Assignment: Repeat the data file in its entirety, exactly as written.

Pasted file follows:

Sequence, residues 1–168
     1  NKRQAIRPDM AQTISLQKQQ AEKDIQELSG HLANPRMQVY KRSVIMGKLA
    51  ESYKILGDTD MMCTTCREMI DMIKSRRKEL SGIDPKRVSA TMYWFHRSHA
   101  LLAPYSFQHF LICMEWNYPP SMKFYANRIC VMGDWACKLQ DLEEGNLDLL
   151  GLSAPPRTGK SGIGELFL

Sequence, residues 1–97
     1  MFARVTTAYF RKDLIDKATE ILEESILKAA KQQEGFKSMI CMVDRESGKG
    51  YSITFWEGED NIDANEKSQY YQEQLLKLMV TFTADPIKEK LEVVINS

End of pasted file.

Sequence, residues 1–168
     1  NKRQAIRPDM AQTISLQKQQ AEKDIQELSG HLANPRMQVY KRSVIMGKLA
    51  ESYKILGDTD MMCTTCREMI DMIKSRRKEL SGIDPKRVSA TMYWFHRSHA
   101  LLAPYSFQHF LICMEWNYPP SMKFYANRIC VMGDWACKLQ DLEEGNLDLL
   151  GLSAPPRTGK SGIGELFL

Sequence, residues 1–97
     1  MFARVTTAYF RKDLIDKATE ILEESILKAA KQQEGFKSMI CMVDRESGKG
    51  YSITFWEGED NIDANEKSQY YQEQLLKLMV TFTADPIKEK LEVVINS